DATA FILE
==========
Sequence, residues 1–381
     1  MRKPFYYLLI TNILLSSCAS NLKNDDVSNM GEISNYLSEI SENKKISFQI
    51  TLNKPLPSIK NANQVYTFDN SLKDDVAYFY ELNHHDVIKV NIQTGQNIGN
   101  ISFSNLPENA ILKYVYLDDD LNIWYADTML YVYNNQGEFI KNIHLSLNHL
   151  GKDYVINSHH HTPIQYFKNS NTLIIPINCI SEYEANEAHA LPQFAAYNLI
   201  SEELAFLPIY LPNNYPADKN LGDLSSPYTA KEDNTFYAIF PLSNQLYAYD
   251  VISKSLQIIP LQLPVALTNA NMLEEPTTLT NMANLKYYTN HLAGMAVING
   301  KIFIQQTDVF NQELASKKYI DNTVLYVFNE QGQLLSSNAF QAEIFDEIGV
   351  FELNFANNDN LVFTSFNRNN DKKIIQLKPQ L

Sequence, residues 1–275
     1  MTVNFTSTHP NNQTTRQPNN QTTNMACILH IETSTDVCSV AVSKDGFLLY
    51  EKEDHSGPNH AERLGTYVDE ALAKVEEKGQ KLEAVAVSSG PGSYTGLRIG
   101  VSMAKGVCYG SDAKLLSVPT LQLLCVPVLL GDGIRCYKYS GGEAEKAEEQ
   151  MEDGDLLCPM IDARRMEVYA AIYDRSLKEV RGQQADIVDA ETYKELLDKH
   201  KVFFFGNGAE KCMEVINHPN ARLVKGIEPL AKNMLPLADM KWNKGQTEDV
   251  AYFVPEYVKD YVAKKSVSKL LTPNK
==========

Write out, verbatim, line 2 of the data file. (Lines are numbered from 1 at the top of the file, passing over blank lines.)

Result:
     1  MRKPFYYLLI TNILLSSCAS NLKNDDVSNM GEISNYLSEI SENKKISFQI